... growing and hybridizing all kinds of plants in zone 6b Maryland since the 1980's.

Sunday, July 31, 2011

Hibiscus grandiflorus

I've been using the inverted trashcan treatment to trick this Hibiscus grandiflorus plant into flowering earlier. It usually doesn't bloom until very late (close to frosts) when all the other Hibiscus are well over. So every day around 5:00 PM, I cover it with the trashcan and the following morning around 8:00 AM the can comes off. With a few exceptions, I've been doing this for about a month. It seems to be working - see the tiny flower buds that have formed at the growing tip.

Now if I can just hold the other Hibiscus back from setting seeds (by deadheading) and keep them forming new flowers, I hopefully will be able to finally get some hybrids from this really cool species.

Sunday, July 24, 2011

Rosa rugosa X davidii

I had another species rose hybrid that surprised me with a repeat performance this year... rugosa X davidii. The clump shot shows about how big the bush is - it currently has three repeat clusters on it.The second picture shows one of those repeat clusters with ripening hips in the background. Unfortunately any rose that blooms right now is being devoured by Japanese beetles as soon as they start to open, so I probably won't get an open flower shot. The third picture shows just some hips.I guess I should check to see if the three bloom clusters might all originate from the same individual plant, since this "bush" actually started as a pot full of F1 seedlings. It's possible that there's one individual among them that is responsible for those three current flower clusters. If so it would be a good idea to selectively propagate that particular one.

F1 Wheat - 'Black Emmer' X 'Kamut'

Still haven't tried threshing these yet - to see if they have the free-threshing character of 'Kamut', which would be a pretty good confirmation of hybridity. The appearance of the heads though sure does suggest that they are really hybrids. The spikelets are less tightly arranged on the rachis. The plants also grew considerably larger than either of the parents in height and also in size of just about all plant parts.
It worries me though that 'Kamut' itself winter-killed here while these hopeful hybrids did just fine. If these do turn out to be real hybrids, I had figured I might need to Spring plant the seeds for the F2. But considering that the F1 were fine, I guess I can just plant the F2 population as winter wheat too.

Saturday, July 9, 2011

Rosa carolina X gallica (surprise)

After quite a few years... this old hybrid is repeating a little like its seed parent Rosa carolina. As a seedling, it took a long time to build up any size and begin blooming. The foliage and hip shape were the only indications of hybridity. The blooms were relatively plain and didn't show much if any influence from gallica. Then I had to move it to our new home, so it got set back again. Now it's finally built up enough and it's decided to repeat near the tops of the stronger new canes. This is how Rosa carolina repeats. In the pictures below, note the hips maturing from earlier normal season bloom and in the second picture a new cluster of flowers.

Thursday, July 7, 2011

F1 Wheat - 'Smooth Awnless Club' X "Black Emmer"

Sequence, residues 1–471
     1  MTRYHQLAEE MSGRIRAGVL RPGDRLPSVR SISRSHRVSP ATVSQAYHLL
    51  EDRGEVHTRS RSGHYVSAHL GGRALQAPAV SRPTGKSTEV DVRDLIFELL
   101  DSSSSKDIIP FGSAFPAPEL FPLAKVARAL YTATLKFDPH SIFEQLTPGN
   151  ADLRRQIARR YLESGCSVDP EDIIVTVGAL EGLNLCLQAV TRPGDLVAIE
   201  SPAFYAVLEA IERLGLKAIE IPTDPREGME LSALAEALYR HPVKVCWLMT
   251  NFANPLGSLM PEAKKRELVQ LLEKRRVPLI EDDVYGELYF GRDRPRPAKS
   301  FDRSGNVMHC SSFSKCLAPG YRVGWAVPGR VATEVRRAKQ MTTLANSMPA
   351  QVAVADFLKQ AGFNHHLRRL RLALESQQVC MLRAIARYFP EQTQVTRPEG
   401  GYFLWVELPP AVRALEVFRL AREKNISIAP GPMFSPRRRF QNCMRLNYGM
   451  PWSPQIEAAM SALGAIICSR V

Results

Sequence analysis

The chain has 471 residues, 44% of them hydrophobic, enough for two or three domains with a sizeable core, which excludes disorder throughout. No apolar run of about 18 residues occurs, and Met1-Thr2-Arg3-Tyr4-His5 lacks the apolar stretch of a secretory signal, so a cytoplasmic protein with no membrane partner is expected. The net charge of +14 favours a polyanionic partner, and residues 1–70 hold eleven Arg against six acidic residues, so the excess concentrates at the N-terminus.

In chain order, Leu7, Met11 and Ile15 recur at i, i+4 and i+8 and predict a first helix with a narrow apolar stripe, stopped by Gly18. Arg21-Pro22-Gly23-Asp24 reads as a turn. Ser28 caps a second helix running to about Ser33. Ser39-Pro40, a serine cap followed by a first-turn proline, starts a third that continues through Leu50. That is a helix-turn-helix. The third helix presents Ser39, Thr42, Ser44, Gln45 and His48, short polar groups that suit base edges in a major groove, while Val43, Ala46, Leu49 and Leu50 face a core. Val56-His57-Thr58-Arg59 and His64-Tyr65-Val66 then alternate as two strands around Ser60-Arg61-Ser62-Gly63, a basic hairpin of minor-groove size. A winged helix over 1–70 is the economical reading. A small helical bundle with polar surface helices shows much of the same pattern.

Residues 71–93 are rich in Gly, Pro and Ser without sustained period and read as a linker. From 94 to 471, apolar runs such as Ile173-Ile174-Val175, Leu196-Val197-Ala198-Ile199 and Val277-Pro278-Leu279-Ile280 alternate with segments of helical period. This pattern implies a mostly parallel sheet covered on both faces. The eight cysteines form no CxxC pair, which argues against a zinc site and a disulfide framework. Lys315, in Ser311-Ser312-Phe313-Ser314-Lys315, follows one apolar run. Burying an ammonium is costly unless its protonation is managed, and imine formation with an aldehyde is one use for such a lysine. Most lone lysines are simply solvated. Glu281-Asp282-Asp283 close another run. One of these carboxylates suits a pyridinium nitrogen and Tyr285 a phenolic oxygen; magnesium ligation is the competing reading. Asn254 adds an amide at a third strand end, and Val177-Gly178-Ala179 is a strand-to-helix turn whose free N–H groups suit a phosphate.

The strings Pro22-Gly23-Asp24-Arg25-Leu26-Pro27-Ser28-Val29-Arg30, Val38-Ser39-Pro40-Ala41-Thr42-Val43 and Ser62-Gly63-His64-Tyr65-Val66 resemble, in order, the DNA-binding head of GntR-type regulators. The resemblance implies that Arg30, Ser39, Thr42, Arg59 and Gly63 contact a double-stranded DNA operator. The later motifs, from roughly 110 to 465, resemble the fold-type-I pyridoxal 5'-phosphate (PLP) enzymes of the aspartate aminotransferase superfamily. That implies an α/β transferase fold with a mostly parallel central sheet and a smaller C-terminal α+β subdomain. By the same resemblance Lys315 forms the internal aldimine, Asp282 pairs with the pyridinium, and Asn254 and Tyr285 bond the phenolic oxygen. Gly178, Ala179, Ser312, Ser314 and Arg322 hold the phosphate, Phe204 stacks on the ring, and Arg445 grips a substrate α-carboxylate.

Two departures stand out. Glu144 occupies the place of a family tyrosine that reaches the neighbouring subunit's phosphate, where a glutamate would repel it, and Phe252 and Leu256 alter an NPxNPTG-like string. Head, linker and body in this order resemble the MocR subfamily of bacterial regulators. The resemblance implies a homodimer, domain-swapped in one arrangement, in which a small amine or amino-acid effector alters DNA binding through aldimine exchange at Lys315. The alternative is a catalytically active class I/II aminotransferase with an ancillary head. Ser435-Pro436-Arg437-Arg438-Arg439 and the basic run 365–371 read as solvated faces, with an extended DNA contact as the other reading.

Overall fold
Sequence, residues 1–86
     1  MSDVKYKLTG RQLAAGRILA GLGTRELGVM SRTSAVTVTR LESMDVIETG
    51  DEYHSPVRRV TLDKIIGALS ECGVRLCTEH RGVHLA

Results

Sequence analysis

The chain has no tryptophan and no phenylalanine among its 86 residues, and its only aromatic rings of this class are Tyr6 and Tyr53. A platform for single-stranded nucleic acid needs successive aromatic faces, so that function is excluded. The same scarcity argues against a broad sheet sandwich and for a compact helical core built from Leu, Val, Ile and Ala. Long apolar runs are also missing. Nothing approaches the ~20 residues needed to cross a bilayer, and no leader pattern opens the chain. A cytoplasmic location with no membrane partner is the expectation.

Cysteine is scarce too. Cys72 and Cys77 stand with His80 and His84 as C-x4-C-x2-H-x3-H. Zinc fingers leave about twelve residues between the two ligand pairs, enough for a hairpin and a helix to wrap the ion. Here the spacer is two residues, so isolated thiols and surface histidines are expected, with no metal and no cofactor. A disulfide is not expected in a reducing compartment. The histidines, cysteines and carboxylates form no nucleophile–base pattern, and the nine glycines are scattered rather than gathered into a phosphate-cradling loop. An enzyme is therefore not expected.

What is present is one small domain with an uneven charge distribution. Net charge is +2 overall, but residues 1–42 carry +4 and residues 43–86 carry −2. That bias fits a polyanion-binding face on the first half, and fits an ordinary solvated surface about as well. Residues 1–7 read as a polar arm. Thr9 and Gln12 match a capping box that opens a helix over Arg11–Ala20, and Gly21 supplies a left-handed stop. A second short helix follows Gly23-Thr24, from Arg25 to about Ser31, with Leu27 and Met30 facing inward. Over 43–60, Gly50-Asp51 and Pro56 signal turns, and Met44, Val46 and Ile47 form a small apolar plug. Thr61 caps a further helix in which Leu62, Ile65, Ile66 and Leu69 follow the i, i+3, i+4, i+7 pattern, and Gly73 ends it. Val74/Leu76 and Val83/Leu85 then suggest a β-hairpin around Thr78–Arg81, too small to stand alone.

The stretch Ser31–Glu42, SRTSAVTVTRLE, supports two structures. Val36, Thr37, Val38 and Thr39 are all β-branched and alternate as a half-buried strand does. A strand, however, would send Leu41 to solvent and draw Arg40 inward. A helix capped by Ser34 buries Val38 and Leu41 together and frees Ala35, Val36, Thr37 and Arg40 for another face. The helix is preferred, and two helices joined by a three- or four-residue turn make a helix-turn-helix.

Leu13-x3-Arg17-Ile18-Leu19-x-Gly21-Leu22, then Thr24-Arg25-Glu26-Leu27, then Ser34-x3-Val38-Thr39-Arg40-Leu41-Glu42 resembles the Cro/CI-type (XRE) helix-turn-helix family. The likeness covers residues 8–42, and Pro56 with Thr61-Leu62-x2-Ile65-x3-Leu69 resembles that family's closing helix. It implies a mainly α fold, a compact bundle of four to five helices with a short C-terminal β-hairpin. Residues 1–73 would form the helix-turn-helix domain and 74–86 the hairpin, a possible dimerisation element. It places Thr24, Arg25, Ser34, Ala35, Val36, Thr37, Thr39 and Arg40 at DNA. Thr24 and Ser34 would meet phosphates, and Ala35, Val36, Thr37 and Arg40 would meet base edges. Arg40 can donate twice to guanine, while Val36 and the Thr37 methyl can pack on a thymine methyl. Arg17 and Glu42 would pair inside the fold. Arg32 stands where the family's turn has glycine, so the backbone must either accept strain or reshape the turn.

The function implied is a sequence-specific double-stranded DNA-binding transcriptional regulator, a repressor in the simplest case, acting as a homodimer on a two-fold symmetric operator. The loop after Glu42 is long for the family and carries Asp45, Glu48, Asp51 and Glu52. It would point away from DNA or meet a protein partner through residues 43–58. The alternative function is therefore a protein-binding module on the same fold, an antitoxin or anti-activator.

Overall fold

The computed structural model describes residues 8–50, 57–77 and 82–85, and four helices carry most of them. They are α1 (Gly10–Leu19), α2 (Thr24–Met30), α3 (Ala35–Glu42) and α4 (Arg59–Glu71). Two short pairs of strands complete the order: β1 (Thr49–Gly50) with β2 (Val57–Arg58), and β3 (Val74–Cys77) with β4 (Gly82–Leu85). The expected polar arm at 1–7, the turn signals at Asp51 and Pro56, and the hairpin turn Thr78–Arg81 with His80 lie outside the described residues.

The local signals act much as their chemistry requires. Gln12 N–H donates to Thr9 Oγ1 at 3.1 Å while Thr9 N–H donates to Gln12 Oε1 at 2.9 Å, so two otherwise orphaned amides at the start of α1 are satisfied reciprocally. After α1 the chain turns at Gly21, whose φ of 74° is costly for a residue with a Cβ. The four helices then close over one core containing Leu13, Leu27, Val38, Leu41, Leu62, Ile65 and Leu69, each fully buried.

I'm really happy with this cross and think it has incredible potential to generate all kinds of interesting wheats. In my hand are the mama and papa. To the right are several heads of the F1. The mama is a locally adapted club wheat (I call "Smooth Awnless Club") that is derived from 9 generations of selection from a cross I did many years ago of a commercial common bread wheat with 'Pima' club wheat. 'Pima' is a southwest adapted strain that was supposedly introduced by the Spanish missionaries and grown for many years by the Pima. My "Smooth Awnless Club" differs from 'Pima' in having no pubescence on the glumes (seed coverings) and by being much happier to grow here in Maryland. "Smooth Awnless Club" should be a hexaploid, with 42 chromosomes.
The papa, 'Black Emmer' is an awned tetraploid wheat, with 28 chromosomes. It is one of the healthiest and most vigorous wheats I've grown, but it has the major drawback of being a "covered wheat" - it requires quite a bit of processing to extract the seeds, since they don't thresh free of the glumes like most modern wheats.
The pentaploid hybrid shows the dominance of the black glume trait (from 'Black Emmer") and awnlessness and free threshing (from "Smooth Awnless Club") along with an intermediate head shape. Disease resistance was roughly intermediate too, but the vigor was phenomenal. Just as expected from what I'd read about this kind of mixed ploidy cross, the pentaploid F1 are only about 50% fertile. But even so, I'm counting around 30 seeds per head, which should give me a decent sized F2. The future generations should theoretically tend to revert back to hexaploids and tetraploids. So, I'm hoping to maintain at least some of the vigor while selecting for disease resistance and unique free threshing derivatives. Two things I'm hoping to see... an exceptionally disease resistant, black glumed club type with higher carotenoid content in the grain... and a free-threshing, awnless version of 'Black Emmer'.
Aside from this cool F1, I also grew two others this season:
'Black Emmer' X 'Kamut' - (a cross of two tetraploid) - which should also give me an opportunity to get the free-threshing trait into 'Black Emmer'
"Wooly Awnless Club" X spelt - (a cross of two hexaploids) - the mama is a sister strain to "Smooth Awnless Club" and spelt is another primitive "covered wheat.